Although no longer a day-to-day practitioner of aikido, I have served as a technical advisor to several aikido instructors to assist in developing a practice method which would lend itself to more effective atemi, counter-techniques and the development of students’ abilities in more free-style practice, all of this without compromising the essential structure of classical aikido. My core concept, which I refer to as Taikyoku Aikido, is that all aikido techniques can be placed on five essential vectors of movement. This concept radically shortens the amount of time in which people can learn aikido techniques, counters, atemi (striking methods). Counter-techniques, in particular, rather than something “pre-planned,” based on the technique the opponent is attempting, become a natural unconscious response, as soon as the practitioner finds themselves ‘placed’ on one of those vectors.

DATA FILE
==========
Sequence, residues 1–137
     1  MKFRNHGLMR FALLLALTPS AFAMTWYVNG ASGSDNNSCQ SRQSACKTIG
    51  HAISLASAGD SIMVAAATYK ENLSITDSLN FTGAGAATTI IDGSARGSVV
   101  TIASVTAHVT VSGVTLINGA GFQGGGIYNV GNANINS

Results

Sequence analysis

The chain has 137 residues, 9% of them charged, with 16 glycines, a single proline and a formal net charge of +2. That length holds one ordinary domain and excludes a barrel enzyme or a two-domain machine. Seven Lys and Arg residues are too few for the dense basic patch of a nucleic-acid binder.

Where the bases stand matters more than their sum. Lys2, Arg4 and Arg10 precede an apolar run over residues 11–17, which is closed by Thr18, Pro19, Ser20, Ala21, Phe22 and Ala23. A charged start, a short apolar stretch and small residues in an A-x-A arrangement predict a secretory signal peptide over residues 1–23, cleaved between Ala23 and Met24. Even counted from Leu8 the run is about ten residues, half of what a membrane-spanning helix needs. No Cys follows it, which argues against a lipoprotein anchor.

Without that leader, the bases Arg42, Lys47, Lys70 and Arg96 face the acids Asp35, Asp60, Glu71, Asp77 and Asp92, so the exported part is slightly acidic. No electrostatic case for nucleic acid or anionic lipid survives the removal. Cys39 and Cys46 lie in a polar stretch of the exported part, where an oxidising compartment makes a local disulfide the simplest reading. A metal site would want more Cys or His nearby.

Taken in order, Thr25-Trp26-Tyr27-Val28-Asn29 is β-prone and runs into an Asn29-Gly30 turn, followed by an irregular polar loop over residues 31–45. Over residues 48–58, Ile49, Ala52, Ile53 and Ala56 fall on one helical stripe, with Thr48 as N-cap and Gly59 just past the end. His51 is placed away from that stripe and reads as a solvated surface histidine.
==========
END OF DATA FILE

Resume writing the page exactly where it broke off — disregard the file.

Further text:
One of the most rewarding aspects of this project has been the opportunity to collaborate with a number of high level martial arts professionals who find aikido a martial art that provides a fascinating template for ‘open source’ study. Among them are:
- Budd Yuhasz who has adapted the taikyoku principles I’ve established into both grappling and functional internal strength applications called Taikyoku Budo.
- Bruce Bookman, founder of Tenzan Aikido, with whom I’ve been developing a new set of jo forms that comprise the total of our 90+ years of training. Our assumed task is to make a set of forms, each of which focuses on different specific principles of combat, each of which is a ‘reversible loop’ (tori and uke reverse at the end of the form and continue), all the while fostering principles specific to aikido.